My favourite underpainting colours are a shadowy power couple of Perylene Green (PBk31) and Perylene Violet (PV29). These two deep, muted cool colours make great shadow colours for a variety of subjects, from green leaves to red and purpley fruit and flowers.  Together, they mix into a cool deep black-blue violet, perfect for the deepest shadows in many botanical subjects.  These colours are also ideal for underpainting because they are non-granulating, staining colours.  However, I always choose underpainting colours that will be incorporated into my main colour mixes.

Step 1:  Underpainting shadows

Underpainting Process: Initial Underpainting of Mahonia leaf in Perylene Green and Perylene Violet.

I used my perylene green and perylene violet mix for the underpainting on the mahonia leaf.  I later used the same colours in the main body colours and details layers, mixed with a couple extra colours.

As a first step, I focus on building up the tonal variation.  During this first underpainting step, I am not very concerned with matching colours.  I adjust my colours when I build the body colour later.  My main goal is to define which areas are in shadow and which areas are illuminated. At this point, I try to preserve a large amount of paper white.

I do try to build up contrast and variation by varying the saturation and balance of my mixes.  For the midtone shadows in warmer areas, I used mainly perylene violet.  In the cooler toned areas, I used mainly perylene green.  In deeper shadow areas I used a more saturated mix of both.

However, it is not a problem if some of the colour transitions or tonal variations look a bit odd or wrong.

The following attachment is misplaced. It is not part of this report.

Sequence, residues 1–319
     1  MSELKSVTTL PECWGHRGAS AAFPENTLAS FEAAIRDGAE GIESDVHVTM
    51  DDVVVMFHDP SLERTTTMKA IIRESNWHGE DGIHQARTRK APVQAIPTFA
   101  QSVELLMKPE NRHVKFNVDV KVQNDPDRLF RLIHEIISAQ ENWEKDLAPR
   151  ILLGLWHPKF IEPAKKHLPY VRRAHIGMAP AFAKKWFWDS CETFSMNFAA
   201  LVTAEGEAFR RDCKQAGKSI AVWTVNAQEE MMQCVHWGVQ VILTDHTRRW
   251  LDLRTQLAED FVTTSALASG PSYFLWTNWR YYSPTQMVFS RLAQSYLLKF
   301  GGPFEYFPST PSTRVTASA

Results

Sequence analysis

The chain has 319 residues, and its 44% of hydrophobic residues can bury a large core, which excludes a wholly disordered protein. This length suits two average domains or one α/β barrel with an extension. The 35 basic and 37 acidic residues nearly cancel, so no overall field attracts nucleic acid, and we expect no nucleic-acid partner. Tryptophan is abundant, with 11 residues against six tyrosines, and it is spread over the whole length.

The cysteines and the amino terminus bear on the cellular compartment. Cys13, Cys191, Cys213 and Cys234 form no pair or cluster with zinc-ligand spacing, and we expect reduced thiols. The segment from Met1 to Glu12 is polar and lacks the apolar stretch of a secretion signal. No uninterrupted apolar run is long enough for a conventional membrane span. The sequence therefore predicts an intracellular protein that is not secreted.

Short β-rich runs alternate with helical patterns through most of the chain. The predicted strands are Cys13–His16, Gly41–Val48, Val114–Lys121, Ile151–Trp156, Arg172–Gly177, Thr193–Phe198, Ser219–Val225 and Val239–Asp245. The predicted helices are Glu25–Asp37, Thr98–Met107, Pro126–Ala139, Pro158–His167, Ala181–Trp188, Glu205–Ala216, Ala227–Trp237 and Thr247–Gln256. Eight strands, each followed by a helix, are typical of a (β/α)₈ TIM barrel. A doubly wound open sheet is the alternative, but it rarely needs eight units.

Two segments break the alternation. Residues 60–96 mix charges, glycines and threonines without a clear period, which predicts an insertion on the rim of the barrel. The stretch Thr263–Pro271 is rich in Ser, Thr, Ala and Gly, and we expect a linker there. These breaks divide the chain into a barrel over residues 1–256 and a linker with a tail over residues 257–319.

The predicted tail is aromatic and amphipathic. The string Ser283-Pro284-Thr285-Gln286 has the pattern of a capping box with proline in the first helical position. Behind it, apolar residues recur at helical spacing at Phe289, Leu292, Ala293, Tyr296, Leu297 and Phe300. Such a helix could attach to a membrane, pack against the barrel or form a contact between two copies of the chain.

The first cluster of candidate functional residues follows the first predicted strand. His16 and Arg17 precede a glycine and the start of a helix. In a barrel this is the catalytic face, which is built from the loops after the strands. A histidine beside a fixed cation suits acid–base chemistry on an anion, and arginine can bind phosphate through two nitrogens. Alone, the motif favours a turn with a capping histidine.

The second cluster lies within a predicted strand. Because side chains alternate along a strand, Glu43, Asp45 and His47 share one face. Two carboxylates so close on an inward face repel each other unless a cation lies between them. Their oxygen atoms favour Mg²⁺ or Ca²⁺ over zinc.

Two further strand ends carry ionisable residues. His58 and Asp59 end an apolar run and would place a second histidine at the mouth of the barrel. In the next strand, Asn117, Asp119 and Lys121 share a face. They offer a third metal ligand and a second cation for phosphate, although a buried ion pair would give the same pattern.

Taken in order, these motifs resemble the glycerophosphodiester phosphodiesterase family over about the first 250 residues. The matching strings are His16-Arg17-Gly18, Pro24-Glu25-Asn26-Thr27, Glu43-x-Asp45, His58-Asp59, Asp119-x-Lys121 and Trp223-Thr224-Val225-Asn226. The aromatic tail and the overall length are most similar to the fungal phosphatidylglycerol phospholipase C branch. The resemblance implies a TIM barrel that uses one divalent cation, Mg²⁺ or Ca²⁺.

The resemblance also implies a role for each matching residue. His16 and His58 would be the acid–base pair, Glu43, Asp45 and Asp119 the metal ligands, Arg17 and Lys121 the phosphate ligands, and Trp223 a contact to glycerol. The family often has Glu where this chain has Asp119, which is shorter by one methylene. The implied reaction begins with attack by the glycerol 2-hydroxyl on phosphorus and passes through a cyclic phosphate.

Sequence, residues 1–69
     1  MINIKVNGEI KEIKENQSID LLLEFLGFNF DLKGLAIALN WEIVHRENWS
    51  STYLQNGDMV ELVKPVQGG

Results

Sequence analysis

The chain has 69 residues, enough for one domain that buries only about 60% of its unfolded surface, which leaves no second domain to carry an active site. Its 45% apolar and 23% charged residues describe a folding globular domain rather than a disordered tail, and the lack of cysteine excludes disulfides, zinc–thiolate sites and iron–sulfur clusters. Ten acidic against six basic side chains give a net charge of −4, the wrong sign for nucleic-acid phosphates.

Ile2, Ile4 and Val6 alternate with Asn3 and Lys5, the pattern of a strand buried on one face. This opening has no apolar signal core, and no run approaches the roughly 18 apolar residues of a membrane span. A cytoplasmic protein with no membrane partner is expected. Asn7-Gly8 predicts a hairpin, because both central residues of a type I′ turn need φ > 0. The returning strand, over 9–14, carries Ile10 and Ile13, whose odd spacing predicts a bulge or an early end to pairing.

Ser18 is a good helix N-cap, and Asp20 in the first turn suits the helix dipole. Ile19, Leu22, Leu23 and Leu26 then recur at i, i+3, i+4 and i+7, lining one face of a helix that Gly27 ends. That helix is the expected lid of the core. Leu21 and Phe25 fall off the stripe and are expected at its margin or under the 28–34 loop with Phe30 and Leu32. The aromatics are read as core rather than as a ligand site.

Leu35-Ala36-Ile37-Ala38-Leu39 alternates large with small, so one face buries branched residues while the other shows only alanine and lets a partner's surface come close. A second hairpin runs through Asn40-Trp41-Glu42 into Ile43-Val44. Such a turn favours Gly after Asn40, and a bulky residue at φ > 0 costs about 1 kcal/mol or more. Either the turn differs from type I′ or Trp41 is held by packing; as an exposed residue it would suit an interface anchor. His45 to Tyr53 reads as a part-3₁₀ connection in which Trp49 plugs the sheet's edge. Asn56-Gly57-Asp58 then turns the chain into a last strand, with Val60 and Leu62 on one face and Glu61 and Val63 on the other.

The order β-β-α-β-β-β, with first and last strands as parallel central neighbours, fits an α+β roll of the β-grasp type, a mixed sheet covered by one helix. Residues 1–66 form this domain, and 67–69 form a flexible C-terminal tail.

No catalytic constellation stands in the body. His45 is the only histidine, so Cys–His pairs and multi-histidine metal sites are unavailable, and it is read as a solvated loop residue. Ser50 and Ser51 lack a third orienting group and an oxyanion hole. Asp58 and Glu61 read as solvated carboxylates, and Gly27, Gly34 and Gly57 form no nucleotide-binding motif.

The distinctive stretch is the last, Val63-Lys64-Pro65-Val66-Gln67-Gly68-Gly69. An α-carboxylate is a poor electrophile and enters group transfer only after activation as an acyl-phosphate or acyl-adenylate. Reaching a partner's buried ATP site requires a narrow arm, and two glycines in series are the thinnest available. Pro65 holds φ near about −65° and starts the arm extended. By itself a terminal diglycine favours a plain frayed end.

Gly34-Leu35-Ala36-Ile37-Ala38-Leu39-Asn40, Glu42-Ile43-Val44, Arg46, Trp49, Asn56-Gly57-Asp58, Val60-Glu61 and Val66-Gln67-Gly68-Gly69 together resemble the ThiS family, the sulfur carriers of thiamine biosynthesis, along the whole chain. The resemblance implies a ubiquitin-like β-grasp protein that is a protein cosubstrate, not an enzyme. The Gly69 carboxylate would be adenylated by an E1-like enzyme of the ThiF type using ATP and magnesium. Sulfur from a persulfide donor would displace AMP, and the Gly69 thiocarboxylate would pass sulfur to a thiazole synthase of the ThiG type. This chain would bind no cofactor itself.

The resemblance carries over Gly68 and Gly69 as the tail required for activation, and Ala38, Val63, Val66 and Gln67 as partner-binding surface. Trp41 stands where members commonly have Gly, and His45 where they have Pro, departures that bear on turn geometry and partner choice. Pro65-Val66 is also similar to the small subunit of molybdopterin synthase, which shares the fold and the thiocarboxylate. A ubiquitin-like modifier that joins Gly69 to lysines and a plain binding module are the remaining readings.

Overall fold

I applied about 2-3 layers of paint to get to the underpainting you see on the left.

Step 2:  Building up body colour


Underpainting Step 2: Blocking in main body colours

Once I have underpainted the shadows, my next step is to block in the main body colours.  In the Mahonia leaf I painted for Daily Leaf 114,  I used Winsor and Newton Raw Sienna (PBr7)  for the light brown/tan colour on most of the leaves, and more Perylene Violet (PV29) in the purple areas of the top leaves and stem.

I let the underpainted shadows of my subject do the work of varying the colour temperature, applying only a single paint or paint mix for each area of colour. I apply thicker, darker paint in the areas of shadow, and fade out my washes to clear water in areas of bright highlight.  The underpainted shadows guide me to which areas are shadowed.

After two layers of blocking in body colours, I have a basic painting outline.  The mahonia at the left still looks a little rough around the edges and doesn't have any details, but already has a lot of depth and contrast.  The main colours are also beginning to look life like.

Step 3:  Adding detail




Mahonia Watercolour Leaf Study, created with underpainting.

The final step in creating a beautiful underpainted botanical painting is adding the fine detail, texture and fine colour gradations of your subject.

I rushed through this step while painting this mahonia leaf, because I had a midnight deadline for my daily leaf challenge.  Depending on what effect you are seeking, this step can be very short, or you could spend dozens of hours slowly drybrushing details.

For the reddish details in this mahonia leaf, I added Quinacridone Rose (PV19) to my palette. All the other detail colours are mixed from my underpainting/body colours Perylene Green, Perylene Violet  and Raw Sienna.

For the greenish spots in the lower leaves, I mixed raw sienna with perylene green.  I toned down the pink of the quinacridone rose with raw sienna as well.   I also deepened and corrected the shadow tones, using mixes of my underpainting and body colours.

The finished effect is a painting that has a great deal of depth despite some complicated looking colours and patterns, which can tend to flatten illustrations.